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Digital Detox to see beauty of nature

Have you ever made a note of how many hours your spend either on the computer or your mobile phone?

I am sure you will be quite shocked if you counted up all the hours. It is reported that UK adults now spend a total of 25 hours a week online where as back in 2005 it was an average of 9 hours a week for office workers. You may have noticed that in the busy city streets young people are walking or cycling around with their faces totally locked into their phones. This will make them un aware of experiencing the day in any form - that would bring additional values to their busy lives. Its is healthy state to get yourself into I ask?

The latest trend for 2021 is to make a conscious effort to become aware of your usage on the phone or computer. According to scientists in America – they are finding that it is serious damaging our mental health. What they have found is an imbalance in the brain chemistry in young people addicted to smart phones and the Internet in 2017.

Neuroimaging research has shown that excessive screen time actually damages the brain. (Structural and functional changes have been found in brain regions involving emotional processes, executive attention, decision-making and cognitive control).

When delving into the subject further this is what I found, courtesy of which I find terrifying.

There is a growing dependence on Internet, that is fast becoming addictive

The number of smart phone users worldwide today is over three billion and is projected to grow by several hundred million in the next few years (3.8 billion by 2021). 34% of people have checked Facebook in the last ten minutes.

Two in five adults (40%) first look at their phone within five minutes of waking up, rising to 65% of those aged under 35.

66% of UK smartphone owners in a study self-reported suffering from ‘nomophobia’, the fear of losing or being without their phones at any given time – obsessively checking to make sure they have their phone with them, and constantly worrying about losing it somewhere.

The first inpatient facility for treating internet addiction in the US opened in 2013. China has opened 300 teenage bootcamps imposing a strict digital detox to deal with increasing problems of teen internet addiction and computer addiction.

62% of polled UK adults say they ‘hate’ how much time they spend on their phone.

More than two in five (43%) of UK adults admit to spending too much time online.

A study found that just seeing the Facebook logo can spark cravings that are difficult to ignore.

27% of UK children say their parents have double standards about technology.

46% of Americans say they could not live without their mobile phones.

A recent study by Binghamton University found that women were more likely to exhibit susceptibility to smartphone addiction than men.

Dr Richard Graham, lead technology addiction specialist at London’s Nightingale Hospital sees around 50 new cases of digital addiction each year.


A link has been found between the surge in screen-use and mental health struggles, especially amongst young people.

One study from Notre Dame University-Louaize on university students found that high avoidant attachment, low self-esteem and high anxiety level may lead to a tendency for smartphone addiction, compounding the negative impacts of digital technology itself.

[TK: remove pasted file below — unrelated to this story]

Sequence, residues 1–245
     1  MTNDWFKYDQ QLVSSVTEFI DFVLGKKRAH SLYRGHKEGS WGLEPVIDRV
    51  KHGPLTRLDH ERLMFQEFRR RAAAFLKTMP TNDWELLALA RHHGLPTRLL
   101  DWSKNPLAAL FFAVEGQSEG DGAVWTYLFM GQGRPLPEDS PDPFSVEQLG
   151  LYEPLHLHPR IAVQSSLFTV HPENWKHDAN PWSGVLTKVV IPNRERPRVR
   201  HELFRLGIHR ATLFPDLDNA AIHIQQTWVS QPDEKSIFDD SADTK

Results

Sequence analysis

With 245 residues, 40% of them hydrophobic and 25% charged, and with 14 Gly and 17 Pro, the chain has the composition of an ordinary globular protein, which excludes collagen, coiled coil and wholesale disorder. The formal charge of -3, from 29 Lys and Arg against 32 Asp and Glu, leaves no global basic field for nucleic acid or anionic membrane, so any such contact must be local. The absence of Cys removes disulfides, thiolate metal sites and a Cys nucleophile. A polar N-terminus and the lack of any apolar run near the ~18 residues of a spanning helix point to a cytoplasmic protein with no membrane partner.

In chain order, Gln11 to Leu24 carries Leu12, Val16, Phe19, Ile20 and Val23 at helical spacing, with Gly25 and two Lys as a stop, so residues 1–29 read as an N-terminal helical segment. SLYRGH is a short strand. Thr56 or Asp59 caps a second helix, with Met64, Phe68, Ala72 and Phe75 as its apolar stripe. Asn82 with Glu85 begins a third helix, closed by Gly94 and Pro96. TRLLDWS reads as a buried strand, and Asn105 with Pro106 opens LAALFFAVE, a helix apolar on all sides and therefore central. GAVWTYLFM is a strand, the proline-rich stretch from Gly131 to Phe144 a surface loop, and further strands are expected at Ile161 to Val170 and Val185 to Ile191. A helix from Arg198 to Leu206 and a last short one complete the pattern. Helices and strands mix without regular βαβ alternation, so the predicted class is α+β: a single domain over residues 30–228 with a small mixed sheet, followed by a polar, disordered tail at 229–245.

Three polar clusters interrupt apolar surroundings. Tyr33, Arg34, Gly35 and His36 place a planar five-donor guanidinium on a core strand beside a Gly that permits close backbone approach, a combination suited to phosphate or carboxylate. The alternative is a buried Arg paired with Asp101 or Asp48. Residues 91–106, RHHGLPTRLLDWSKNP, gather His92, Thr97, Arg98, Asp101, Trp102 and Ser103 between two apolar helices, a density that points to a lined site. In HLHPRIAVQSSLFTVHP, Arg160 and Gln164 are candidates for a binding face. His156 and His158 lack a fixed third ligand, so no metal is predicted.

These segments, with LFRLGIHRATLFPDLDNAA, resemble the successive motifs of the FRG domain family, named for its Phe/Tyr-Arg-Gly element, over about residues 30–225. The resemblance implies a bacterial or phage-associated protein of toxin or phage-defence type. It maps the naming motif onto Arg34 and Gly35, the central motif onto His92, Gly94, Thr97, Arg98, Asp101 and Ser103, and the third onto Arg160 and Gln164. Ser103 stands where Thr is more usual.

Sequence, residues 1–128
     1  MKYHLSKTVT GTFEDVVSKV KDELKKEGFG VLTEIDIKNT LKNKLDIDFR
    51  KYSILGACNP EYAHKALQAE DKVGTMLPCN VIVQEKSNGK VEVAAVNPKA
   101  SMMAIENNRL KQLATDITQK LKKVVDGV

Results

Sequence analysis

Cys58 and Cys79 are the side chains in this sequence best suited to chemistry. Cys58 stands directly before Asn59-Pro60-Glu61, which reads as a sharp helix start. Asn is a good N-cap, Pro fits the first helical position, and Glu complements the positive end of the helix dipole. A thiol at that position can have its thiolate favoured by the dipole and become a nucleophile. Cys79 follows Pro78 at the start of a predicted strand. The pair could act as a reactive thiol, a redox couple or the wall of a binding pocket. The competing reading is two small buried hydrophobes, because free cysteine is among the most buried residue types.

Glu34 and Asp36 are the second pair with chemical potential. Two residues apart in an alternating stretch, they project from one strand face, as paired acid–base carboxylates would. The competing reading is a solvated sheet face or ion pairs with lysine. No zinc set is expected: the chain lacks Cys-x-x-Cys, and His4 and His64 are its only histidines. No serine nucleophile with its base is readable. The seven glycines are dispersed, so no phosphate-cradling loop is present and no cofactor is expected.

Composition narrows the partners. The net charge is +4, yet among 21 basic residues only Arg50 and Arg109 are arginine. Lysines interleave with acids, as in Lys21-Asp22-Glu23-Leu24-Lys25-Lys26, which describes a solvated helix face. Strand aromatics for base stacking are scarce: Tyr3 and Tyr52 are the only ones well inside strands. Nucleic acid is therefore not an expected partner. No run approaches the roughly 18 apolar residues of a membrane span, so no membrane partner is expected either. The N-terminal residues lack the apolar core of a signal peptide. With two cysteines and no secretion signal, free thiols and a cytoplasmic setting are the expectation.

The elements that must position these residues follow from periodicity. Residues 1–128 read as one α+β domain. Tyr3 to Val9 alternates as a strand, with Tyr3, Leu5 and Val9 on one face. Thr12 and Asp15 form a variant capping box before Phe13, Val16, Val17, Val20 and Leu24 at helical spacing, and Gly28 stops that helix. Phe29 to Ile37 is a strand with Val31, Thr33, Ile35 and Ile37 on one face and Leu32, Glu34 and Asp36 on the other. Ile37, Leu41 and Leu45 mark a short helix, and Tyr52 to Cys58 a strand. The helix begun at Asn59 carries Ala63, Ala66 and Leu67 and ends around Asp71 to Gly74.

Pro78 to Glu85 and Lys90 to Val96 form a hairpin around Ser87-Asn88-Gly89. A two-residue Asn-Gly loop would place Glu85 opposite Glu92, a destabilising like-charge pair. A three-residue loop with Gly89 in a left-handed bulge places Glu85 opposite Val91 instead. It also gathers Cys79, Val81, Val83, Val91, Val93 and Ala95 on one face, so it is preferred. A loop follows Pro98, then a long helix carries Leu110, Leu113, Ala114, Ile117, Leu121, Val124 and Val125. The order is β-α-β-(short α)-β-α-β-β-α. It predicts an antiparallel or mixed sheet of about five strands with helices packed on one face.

A study conducted by Carnegie Mellon University found that people who sent or received more messages, comments and Timeline posts reported improvements in social support, depression and loneliness.

However, passive use of social media leads to negative results, so it is how you use the technology that matters.

In its 2017 Stress in America survey, The American Psychological Association (APA) found that “constant checkers” – people who check their emails, texts, and social media on a constant basis – experience more stress than those who don’t. More than 42% of respondents attribute their stress to p

olitical and cultural discussions on social media, compared with 33% of non-constant checkers.

Almost half of the 18-34-year-olds said their social media feeds made them feel unattractive.A study by the American Journal of Preventive Medicine found that heavy social media users were twice as likely to report experiencing social isolation. In 2017, Instagram was rated as the worst social media platform for its impact on the mental health of young people.

Gaming addiction is to be listed as a mental health condition for the first time in 2018 by the World Health Organisation. There is a strong link between heavy internet use and depression, with heavy users 5x more likely to suffer from depression than non-heavy users.

52% of school-age students said social media makes them feel less confident about their appearance and how interesting their life is.

A study by the National Institute of Mental Health has found a strong and significant association between social media use and depression. Scientists have also found a link between heavy Facebook use and depressive symptoms, including low self-esteem.

Conclusion- So what do we need to do to crack out of this addiction?

If one looks at the issue from a broader perspective – it is easy to see why there is a lack of connection with the natural world. The promise that once upon a time computers would provide more free time for recreational purposes has gone in the opposite direction and instead of increasing time out has in fact locked us further into its world of internet socialising.

Does this mean there is no easy way out – other than going on an all out total detox? We need to remind ourselves that there is more to life to be experienced but importantly to protect the health of our brain.

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